The assassination of President John F. Kennedy is an event that changed forever American history, society, and culture.
The gruesome image of this tumultuous event is as vivid today as it was on November 22, 1963. It is a searing icon, imprinted on the minds of Americans as the mythic symbol of a world that suddenly went crazy. The Kennedy assassination is more than a historical event, it’ a personal point of reference for everyone old enough to remember that day in Dallas. Whether a fan of the president or a foe, everyone remembers where he or she was at the time.
The scar is still raw, decades later. Despite investigations, congressional hearings, and countless books and articles, questions around and about the assassination have not been answered properly, and justice has not undeniably been served.
The Kennedy myth has prevailed in numerous cultural products of the last four decades, from Andy Warhol’s painted photographs to the volumes of reminiscences by Camelot’s knights; from odes to irreverent satires and TV miniseries to supermarket tabloids and wall hangings.
In the early 1990s, a new cycle of movies in one way or another revisit the scene of what must be the single most spectacular and traumatic crime of our time.
First and foremost, there’s Oliver Stone’s JFK, a conspiracy movie par excellence, a riveting, if controversial meditation, in which he tries to transform the details of every John F. Kennedy assassination theory of the past three decades.
The movie’s protagonist is Jim Garrison (well played by Kevin Costner, then at the height of his popularity), the New Orleans District Attorney. In 1967, Garrison conducted an unsuccessful prosecution of local businessman Clay Shaw (Tommy Lee Jones0 for complicity in Kennedy’s coldly calculated murder.
Though Shaw’s connection to the murder is vague, it’s still intriguing, for Garrison is using the trail as a pretext to promote his own theory that Lee Harvey Oswald (Gary Oldman) was only one of several gunmen involved. Moreover, he advances the proposition that Oswald might not have fired a single shot, as the latter claimed at the time of his arrest.
Though the theory and ‘facts” of Stone’s film were dismissed by many politicians and viewers, JFK exerted huge impact. Indeed, a new legislation was introduced in Congress in March 1992, in a concerted struggle to release the files of FBI, CIA and other governmental agencies related to the Kennedy assassination. It was a major victory as those files had been ordered sealed until 2029.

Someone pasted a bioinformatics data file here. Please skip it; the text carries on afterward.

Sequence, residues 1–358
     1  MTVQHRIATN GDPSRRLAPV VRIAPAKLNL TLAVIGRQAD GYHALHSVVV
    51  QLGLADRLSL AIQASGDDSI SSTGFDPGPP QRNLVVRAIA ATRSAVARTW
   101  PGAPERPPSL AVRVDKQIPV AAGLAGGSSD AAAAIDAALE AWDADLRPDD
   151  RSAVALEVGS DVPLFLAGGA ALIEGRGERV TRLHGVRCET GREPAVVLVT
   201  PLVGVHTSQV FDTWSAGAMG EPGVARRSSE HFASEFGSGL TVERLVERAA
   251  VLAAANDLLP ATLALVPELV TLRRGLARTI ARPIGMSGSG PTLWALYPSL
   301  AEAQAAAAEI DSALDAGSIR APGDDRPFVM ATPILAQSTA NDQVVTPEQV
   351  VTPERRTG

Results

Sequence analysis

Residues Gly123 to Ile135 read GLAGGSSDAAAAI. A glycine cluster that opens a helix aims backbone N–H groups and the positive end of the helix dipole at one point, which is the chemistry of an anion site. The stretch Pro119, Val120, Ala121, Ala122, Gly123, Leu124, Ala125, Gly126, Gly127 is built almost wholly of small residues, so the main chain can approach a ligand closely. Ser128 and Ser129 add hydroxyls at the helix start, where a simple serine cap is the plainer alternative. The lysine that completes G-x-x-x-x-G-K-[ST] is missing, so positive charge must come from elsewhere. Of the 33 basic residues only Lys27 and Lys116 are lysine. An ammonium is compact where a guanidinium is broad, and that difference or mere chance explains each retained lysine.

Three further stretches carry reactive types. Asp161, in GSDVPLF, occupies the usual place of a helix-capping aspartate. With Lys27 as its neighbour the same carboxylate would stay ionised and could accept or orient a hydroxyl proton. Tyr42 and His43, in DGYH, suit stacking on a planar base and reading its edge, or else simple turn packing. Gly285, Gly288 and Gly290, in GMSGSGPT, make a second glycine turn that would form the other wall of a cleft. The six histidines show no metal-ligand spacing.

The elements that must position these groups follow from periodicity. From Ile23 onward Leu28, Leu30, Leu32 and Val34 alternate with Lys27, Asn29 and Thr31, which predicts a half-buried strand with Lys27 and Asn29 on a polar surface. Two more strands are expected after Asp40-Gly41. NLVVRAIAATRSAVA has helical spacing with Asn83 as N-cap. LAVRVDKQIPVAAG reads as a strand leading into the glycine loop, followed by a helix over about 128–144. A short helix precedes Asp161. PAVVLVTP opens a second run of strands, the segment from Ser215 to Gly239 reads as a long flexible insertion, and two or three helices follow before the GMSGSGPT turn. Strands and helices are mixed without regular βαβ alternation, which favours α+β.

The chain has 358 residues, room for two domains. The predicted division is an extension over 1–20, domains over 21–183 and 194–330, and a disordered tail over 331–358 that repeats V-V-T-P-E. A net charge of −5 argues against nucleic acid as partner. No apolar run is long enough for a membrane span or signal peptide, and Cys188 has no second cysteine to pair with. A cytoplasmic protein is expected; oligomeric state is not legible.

It’s to Stone’s credit as co-writer and director that, despite the verbose nature of the narrative and lengthy running time (189 minutes to be exact), the film is largely engaging and provocative no matter what political camp you belong to.
The screenplay, which is mostly intelligently, is brought to life by a wonderful group of character actors, who play supporting parts. In addition to Tommy Lee Jones, the cast includes Joe Pesci as David Ferrie, Jay O. Sanders as Lou Ivon, John Candy as Dean Andrews, Kevin bacon, Sissy Spacek and Laurie Metcalf.
For the most part, Stone succeeds in dramatizing and reacretaing “dry” historical evidence and testimonies by key players in the notorious case, which is still an open scar in American collective consciousness.
Oscar Nominations: 7
Picture, produced by A. Kitman Ho and Oliver Stone
Screenplay (Adapted): Oliver Stone and Zachary Sklar
Supporting Actor: Tommy Lee Jones
Cinematography: Robert Richardson
Film Editing: Joe Hutshing and Pietro Scalia
Sound: Michael Minkler, Gregg Landaker, and Tod A. Maitland
Score (Original): John Williams
Oscar Awards: 2
The big winner in 1991 was Jonathan Demme’s “The Silence of the Lambs,” which won Picture, Director, Screenplay, Actor (Anthony Hopkins), and Actress (Jodie Foster). The three other Best Picture nominees were Disney’s animated musical “Beauty and the Beast,” Barry Levinson’s gangster biopic “Bugsy,” and Barbra Streisand’s melodrama “The Prince of Tides.”
The winner of the Supporting Actor Oscar was Jack Palance for “City Slickers,” the Sound Oscar went to “Terminator 2: Judgment Day,” and the Scoring Award to Alan Menken for “Beauty and the Beast.”